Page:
Ok, it's officially flu (also known as influenza) season and this can be confirmed by the way you may be feeling at this very moment, or others you come in contact with daily. It is noted that this flu season is turning out to be the worst in a decade, with an increase in the amount of cases and those seen being hospitalized. To date, this flu season is responsible for 83 outbreaks (twice as many that are seen in a typical year) and 14 deaths in people under the age of 65.
The symptoms associated with the flu are sneezing, coughing, fever, chills, muscle aches, lethargy and a general loss of appetite. Symptoms may also include throwing up, diarrhea, throwing up and headaches.
"Public health officials can’t yet say for sure why this season is worse than usual, but it probably has to do with the strain that’s circulating widely, known as influenza A, subtype H3N2. That type is known to produce more serious symptoms, especially among the elderly.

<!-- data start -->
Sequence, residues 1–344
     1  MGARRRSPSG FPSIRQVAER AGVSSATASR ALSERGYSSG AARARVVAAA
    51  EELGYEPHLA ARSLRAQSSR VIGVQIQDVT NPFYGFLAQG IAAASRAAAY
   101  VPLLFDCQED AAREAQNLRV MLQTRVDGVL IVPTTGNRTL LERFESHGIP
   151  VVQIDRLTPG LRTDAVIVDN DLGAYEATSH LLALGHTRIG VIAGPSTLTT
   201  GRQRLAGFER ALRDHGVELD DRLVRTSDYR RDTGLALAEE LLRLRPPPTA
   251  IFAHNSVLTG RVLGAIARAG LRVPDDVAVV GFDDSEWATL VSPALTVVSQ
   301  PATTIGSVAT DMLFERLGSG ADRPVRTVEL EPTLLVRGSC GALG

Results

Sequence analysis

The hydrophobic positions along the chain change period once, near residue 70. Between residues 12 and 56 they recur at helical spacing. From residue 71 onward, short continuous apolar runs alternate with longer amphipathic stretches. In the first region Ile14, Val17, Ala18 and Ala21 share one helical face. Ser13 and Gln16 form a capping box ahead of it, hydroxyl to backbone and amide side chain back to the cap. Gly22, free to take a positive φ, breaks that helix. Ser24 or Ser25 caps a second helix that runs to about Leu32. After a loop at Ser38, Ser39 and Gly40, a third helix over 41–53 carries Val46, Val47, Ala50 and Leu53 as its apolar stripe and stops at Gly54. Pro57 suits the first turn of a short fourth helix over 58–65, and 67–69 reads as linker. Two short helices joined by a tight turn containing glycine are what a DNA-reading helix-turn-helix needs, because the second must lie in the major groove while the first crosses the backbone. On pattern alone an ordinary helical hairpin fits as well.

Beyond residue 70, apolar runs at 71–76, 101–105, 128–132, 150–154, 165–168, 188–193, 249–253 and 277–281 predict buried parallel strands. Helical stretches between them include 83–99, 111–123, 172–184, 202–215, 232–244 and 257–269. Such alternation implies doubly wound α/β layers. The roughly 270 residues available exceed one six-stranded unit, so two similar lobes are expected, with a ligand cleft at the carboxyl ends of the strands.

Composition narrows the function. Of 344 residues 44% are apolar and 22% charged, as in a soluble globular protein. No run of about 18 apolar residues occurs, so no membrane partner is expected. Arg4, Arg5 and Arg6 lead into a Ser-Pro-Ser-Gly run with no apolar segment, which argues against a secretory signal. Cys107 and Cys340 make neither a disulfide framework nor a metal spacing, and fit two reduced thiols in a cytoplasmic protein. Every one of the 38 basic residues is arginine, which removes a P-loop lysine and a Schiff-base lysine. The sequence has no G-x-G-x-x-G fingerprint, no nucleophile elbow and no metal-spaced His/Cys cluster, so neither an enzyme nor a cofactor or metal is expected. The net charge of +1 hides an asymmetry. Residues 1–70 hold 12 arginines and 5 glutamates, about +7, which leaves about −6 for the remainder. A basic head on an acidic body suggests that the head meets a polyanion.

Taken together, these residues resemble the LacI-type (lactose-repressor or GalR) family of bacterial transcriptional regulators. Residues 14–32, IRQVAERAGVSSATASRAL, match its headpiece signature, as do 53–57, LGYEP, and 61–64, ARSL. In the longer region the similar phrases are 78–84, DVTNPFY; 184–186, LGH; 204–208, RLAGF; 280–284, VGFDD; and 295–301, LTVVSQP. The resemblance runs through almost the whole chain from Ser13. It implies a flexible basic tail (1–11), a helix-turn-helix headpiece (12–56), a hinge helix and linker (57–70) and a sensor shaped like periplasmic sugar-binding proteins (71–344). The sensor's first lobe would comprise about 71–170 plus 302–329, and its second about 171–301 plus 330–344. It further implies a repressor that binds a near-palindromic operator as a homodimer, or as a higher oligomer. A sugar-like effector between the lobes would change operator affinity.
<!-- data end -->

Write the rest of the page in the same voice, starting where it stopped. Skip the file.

“With this flu I’ve seen some healthy people developing pneumonia and require hospitalization,” said Dr. Jeffrey Leinen, medical director for urgent care at Sutter East Bay Medical Foundation. “Historically, that would be a sign that it’s a virulent strain. 
Although a trip to the doctor's office or urgent care may not be necessary for coughing and sneezing, if you begin to experience symptoms such as shortness of breath, chest pain, fevers in excess of 100F or any illness lasting more than four or five days, a visit may be necessary.
The flu is a highly contagious viral infection of the respiratory tract. It is easily spread by sneezing and coughing. Individual strains continually change, so vaccines are not very successful. Click here to find effective ways to manage during this flu season.